Students in the Greenhouse Management class at North Central Texas College joined members of the Cooke County Master Gardeners in building a greenhouse at the Frank Buck Zoo Wednesday.

The North Central Texas College (NCTC) horticultural class led by Ashley Hartman is helping the Frank Buck Zoo feed its animals.

During a recent class excursion, NCTC students, master gardeners, green house experts and others converged at the zoo to build one of what they hope will be many future green houses.

  “By building this hoop style greenhouse, we are glad we can assist the zoo so that the animals will benefit from nourishing foods,” Hartman said. “Many in my class are working on their bachelors or a horticultural certification. Learning how to build the greenhouse will help them in their future employment opportunities or business.”

   “We feed the animals year round and the green house will give us the ability to subsidize the diet of our animals with organically grown nutrients,” zoo horticulture and operations manager Rebecca Parker said. “For example, we could never afford to buy blackberries for the bear. But by growing our own crops, we have food choices found in the wild that we can subsidize the diets of our animals. Many of the primates love the asparagus. We also grow herbs which are natural additives we can add to feedings.”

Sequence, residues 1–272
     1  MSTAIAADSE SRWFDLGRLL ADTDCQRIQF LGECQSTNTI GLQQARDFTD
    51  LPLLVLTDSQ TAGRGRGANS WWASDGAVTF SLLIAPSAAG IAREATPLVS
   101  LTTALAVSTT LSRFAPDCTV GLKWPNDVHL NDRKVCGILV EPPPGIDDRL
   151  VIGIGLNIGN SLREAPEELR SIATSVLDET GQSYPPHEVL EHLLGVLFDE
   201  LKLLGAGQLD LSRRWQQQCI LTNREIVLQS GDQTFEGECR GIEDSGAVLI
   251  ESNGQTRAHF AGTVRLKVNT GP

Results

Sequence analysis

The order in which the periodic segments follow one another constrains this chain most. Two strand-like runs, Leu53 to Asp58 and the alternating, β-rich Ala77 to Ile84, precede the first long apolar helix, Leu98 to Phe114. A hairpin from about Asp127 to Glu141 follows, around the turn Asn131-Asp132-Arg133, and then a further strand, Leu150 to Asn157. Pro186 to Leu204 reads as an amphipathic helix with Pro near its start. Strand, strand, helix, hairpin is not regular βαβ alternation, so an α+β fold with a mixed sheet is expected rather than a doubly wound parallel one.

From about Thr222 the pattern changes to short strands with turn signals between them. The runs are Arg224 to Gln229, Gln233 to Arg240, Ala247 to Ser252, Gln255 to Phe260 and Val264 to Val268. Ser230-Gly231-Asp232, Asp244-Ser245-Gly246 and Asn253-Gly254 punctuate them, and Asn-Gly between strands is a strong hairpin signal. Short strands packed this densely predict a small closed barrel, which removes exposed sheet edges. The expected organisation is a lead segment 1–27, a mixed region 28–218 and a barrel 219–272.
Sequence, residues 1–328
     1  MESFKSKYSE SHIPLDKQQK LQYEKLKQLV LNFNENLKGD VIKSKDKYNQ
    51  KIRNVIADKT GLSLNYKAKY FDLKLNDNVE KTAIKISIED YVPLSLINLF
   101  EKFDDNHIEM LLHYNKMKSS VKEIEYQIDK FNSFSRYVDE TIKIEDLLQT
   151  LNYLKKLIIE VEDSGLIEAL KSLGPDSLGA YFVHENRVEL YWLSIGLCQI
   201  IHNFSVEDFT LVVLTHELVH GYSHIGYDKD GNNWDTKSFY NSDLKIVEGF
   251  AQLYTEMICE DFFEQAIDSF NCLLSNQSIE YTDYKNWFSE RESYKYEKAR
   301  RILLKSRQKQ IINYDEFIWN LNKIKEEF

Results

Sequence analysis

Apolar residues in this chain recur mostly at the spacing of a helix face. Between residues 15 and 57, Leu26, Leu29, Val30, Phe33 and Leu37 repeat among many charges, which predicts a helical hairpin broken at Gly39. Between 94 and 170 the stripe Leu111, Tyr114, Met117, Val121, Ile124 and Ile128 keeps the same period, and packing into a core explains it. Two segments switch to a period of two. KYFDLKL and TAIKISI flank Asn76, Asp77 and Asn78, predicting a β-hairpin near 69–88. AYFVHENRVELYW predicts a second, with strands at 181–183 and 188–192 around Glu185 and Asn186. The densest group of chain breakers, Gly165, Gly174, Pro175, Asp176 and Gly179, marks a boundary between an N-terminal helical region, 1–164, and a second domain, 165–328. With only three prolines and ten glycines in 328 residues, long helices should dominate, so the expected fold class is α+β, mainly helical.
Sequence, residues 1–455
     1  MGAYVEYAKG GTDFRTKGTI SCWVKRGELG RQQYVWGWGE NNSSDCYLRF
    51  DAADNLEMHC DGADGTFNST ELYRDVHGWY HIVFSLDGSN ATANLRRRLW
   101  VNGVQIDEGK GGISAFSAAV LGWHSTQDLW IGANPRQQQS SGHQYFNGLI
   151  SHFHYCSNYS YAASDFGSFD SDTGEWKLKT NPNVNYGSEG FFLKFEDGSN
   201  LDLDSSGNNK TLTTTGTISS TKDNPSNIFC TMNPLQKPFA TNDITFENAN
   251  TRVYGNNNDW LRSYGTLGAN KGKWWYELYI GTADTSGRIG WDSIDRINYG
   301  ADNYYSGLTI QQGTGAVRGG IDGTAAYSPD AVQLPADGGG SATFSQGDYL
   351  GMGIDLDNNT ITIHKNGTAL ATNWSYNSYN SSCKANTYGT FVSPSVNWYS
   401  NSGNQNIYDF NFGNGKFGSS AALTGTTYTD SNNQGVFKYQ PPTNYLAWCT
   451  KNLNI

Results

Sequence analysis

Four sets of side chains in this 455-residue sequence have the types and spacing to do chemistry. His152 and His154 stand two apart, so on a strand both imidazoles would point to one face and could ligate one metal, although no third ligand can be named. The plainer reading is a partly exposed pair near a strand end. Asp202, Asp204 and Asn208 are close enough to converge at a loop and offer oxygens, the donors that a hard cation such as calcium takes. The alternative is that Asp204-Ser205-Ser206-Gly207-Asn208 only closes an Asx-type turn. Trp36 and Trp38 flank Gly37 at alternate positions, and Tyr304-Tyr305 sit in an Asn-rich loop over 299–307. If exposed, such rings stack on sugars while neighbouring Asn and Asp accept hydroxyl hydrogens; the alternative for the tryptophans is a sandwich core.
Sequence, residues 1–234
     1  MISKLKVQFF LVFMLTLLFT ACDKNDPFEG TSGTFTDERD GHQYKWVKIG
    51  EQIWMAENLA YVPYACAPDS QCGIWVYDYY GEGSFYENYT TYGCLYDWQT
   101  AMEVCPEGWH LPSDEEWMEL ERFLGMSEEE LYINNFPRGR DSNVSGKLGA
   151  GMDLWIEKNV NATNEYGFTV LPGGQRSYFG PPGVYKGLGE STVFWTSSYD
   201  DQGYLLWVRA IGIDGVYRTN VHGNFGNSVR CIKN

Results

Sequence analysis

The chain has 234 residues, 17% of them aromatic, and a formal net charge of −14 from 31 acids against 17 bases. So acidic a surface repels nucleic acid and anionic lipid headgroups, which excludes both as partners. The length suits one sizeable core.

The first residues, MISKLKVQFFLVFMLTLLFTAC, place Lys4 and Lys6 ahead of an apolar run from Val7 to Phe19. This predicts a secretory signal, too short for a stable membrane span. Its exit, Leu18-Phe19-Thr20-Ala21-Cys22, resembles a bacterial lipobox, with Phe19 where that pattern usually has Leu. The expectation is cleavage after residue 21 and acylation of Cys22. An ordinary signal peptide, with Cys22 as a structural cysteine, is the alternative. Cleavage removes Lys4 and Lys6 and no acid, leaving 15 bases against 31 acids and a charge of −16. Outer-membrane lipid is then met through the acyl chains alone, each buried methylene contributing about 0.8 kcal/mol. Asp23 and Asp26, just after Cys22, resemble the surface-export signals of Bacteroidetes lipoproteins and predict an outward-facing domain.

Some of Hartman’s students attending were Mary Norblandez, Ginger Roberts, John Ridings, Arthur Lara, Buba Johnson, and Justin Webb.

  Private gardener Theresa Stevens was on hand to learn how to build a hoop green house.

  By special invitation, Steve Upton of the Nobel Foundation in Ardmore, Okla., was on hand to provide assistance in building the green house. The Nobel Foundation specializes in helping the market or home gardener produce high quality vegetables, fruit and flowers on marginal soil. The foundation serves a 47-county area within a 100-mile radius of Ardmore.

“Direct consultation services are open to all in the designated counties and can offer support to all landowners by: mapping and digital imaging of the participant’s land, soil testing and analysis, pecan leaf testing and analysis, forage testing and analysis and farm-mixed feed testing and analysis,” the Noble Foundation’s website states.  Helpline telephone information line is available at (580) 224-6500 and they also offer educational workshops and seminars.

Larger green houses are planned for the zoo to further enhance the facility’s fruit and vegetable gardening efforts.


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